Richard Shiro/ AP
Republican presidential candidate Ben Carson speaks at the conservative Heritage Action presidential forum on Friday. Carson has said he would not vote for a Muslim president because he believes Islam is "inconsistent" with American values.

Ben Carson says a Muslim shouldn't be president. Who agrees?

Polls suggest that 38 percent of voters would not support a Muslim candidate, but that, overall, Americans are becoming more accepting. 

Republican presidential candidate Dr. Ben Carson “absolutely would not” support a Muslim president, as he told NBC host Chuck Todd in a “Meet the Press” interview airing this Sunday. 

Asked by Mr. Todd whether a candidate’s faith should matter, Dr. Carson, a Seventh Day Adventist who enjoys an 87 percent approval among white Evangelicals, replied that a president’s beliefs should not be “inconsistent with the values and principles of America,” or with the Constitution. When Todd then asked if Carson considered Islam “consistent with the Constitution,” Carson said no, without providing further explanation.

The “Meet the Press” conversation comes in the wake of candidate Donald Trump’s latest controversy surrounding race and religion, after he declined to correct a New Hampshire supporter on Thursday who claimed, “We have a problem in this country. It’s called Muslims. We know our current president is one. You know he’s not even an American.” 

The exchange quickly drew criticism from Democrats and Republicans alike, reflecting a GOP increasingly concerned with Trump’s often-contentious rhetoric. New Jersey Governor Chris Christie, for instance, told the “Today” show, “I wouldn’t have permitted that,” calling President Obama’s American roots and Christian faith “self-evident.”

Obama was born in Hawaii and is Christian. But according to recent polls, many Americans believe otherwise: CNN/ORC found that only 71 percent of conservatives think Obama was born in the US, while nearly half suspect he is Muslim.

Carson is far from alone in preferring a non-Muslim president. For decades, Gallup has surveyed Americans about their support for hypothetical candidates with particular characteristics, asking “If your party nominated a generally well-qualified person for president who happened to be ____, would you vote for that person?” Results from 2015 reveal that 27 percent of Democrats, and 55 percent of Republicans, would not elect a Muslim.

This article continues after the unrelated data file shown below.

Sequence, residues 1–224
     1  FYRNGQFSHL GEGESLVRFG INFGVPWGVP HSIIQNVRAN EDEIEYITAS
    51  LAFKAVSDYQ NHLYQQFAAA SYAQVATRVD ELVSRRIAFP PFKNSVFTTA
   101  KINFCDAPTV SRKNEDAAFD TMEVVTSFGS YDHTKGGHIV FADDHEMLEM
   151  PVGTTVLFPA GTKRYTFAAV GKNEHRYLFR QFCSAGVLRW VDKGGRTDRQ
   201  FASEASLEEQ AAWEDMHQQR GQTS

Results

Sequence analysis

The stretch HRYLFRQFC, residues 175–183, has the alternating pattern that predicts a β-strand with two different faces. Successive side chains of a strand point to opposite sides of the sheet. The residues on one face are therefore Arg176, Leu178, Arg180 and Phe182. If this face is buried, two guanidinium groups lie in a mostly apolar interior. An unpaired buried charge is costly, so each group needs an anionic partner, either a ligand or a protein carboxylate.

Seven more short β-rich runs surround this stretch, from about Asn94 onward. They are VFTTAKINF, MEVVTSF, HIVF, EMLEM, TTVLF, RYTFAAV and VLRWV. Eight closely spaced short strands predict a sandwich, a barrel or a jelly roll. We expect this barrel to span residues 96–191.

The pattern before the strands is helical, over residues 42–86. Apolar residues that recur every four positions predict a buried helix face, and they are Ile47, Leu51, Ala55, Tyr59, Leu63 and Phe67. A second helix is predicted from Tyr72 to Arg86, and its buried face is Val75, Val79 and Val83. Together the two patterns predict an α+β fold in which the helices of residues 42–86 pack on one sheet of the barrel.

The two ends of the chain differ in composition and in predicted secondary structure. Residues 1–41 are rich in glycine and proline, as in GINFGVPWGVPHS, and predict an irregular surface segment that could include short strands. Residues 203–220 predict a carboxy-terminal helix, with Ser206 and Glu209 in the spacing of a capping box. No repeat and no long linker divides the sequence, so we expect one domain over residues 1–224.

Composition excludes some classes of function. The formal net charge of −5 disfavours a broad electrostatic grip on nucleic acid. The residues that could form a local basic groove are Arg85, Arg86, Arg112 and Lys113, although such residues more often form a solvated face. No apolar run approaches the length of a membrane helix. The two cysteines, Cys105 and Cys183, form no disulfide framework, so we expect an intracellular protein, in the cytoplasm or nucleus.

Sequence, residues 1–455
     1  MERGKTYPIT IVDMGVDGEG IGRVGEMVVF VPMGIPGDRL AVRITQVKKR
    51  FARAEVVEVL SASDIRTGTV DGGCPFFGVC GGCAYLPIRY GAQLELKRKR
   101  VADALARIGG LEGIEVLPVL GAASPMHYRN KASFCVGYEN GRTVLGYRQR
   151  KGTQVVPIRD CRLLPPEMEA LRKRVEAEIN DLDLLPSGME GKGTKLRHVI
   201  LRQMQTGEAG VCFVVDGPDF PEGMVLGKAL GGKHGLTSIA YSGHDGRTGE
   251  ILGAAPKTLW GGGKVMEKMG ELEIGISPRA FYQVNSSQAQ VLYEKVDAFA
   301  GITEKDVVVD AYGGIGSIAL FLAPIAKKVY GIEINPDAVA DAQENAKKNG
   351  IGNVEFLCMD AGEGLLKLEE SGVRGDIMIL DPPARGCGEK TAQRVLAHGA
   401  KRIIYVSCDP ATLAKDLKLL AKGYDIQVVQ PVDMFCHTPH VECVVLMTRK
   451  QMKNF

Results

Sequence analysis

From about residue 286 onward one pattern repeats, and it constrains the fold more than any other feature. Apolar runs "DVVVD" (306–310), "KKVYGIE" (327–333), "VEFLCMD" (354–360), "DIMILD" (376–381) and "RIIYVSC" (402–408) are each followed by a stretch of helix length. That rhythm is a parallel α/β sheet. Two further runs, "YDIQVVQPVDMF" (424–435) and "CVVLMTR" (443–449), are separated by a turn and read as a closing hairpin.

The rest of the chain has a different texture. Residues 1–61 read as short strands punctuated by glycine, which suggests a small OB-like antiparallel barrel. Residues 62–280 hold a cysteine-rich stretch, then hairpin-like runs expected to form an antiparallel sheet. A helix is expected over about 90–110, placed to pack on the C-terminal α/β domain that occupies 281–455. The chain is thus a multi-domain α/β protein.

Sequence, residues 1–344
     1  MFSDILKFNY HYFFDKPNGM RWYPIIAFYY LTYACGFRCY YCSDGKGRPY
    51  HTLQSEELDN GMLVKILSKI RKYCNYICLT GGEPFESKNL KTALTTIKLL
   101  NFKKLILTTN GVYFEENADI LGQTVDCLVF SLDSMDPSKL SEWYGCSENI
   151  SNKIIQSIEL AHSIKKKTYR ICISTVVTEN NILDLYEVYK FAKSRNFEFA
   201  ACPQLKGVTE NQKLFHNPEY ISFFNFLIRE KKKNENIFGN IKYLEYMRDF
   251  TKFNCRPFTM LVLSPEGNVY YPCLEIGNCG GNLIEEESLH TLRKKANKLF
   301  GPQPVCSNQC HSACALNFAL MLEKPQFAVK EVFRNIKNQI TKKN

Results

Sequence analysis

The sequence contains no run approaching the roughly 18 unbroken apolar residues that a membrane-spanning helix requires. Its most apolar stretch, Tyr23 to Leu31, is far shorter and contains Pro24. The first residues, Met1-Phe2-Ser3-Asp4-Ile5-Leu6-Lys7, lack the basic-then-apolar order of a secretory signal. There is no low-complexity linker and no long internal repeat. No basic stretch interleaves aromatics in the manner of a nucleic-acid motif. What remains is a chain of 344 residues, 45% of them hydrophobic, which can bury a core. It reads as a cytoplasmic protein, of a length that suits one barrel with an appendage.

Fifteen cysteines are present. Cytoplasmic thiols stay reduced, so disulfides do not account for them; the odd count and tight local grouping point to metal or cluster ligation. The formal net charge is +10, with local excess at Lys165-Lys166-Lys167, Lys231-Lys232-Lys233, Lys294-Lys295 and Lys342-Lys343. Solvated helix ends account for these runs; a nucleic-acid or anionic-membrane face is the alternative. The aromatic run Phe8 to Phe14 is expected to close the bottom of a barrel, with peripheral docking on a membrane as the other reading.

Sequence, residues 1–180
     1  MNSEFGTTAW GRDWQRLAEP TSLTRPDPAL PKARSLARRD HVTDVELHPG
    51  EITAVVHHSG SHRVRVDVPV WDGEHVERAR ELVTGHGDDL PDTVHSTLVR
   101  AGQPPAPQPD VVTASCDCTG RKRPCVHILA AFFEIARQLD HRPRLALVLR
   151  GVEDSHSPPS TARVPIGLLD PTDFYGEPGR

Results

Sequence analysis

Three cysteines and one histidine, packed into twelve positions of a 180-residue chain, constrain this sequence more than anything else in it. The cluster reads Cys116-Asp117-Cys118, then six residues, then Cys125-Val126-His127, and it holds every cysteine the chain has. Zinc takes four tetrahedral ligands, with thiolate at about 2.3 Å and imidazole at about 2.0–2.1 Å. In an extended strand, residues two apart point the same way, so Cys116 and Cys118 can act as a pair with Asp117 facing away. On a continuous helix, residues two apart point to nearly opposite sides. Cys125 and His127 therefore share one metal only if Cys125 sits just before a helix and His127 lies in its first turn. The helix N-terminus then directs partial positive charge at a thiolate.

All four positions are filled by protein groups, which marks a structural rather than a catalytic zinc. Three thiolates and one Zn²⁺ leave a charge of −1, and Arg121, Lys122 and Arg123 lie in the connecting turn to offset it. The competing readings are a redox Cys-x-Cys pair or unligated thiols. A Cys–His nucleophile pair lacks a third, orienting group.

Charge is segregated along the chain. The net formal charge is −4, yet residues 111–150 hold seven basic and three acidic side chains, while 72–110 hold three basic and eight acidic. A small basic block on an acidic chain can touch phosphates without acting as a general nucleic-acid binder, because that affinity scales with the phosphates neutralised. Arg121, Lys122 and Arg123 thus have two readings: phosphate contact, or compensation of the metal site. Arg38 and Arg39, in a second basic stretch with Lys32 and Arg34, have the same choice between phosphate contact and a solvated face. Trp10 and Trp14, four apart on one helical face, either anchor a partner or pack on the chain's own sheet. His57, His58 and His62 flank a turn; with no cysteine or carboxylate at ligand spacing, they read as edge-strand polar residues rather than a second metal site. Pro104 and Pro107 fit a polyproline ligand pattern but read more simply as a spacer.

When the poll began in 1937, voters were only asked whether they would support a female, Catholic, or Jewish candidate, to which 33 percent, 60 percent, and 46 percent said “Yes,” respectively. Changes to the survey itself reveal the country’s shifting demographics, and advancing laws: respondents were first asked about black and atheist candidates in 1958, Mormons in 1967, gay candidates in 1978, Hispanics not until 2007, and Muslims in 2012.

Although a Muslim candidate would evidently face an uphill battle, the steepest challenge awaits atheist and socialist politicians. Support for an atheist candidate has doubled since the 1950s, but is still low, at 60 percent. But support for socialists is still rarer, making it the least-popular characteristic, with a full half of respondents saying a socialist could not win their vote. 

Over the decades, support for most categories has risen: today, as a diverse array of candidates wrestles for the 2016 nominations, more than 90 percent of Americans say they would vote for a Catholic, female, black, Hispanic, or Jewish president. 

Would a Muslim candidate today fare better than 2012? It’s hard to say. Among Democrats, support for a hypothetical Muslim president has inched up, from 69 percent to 73 percent, but Republicans’ approval has actually fallen, down to 45 percent from 2012’s 47 percent. 

Long-term, the increased-acceptance trend may continue, thanks to generational outlooks: Gallup notes that “at least two-thirds of adults younger than 30 say they are willing to vote for a candidate with any of the characteristics included in the survey,” and support for a Muslim candidate is highest among the age 18-to-29 set, at 76 percent, a full 32 percentage points higher than among voters over 65.

Vox’s Max Fisher has hypothesized that Obama’s attempt “to defray the tide of American Islamophobia” in reaction to ISIS may fuel some Americans’ stubborn insistence that he is a Muslim, in spite of his numerous mentions, and displays, of his Christian faith. The same fear of radical Islam, framed as a war of civilizations, likely hampers any Muslim candidate’s chances.

For now, though, the candidate most likely affected by these numbers is none other than Senator Bernie Sanders: as of 2007, 57 percent said they would not vote for a candidate over age 72, adding to his challenges as a 74-year-old nonobservant Jewish socialist.

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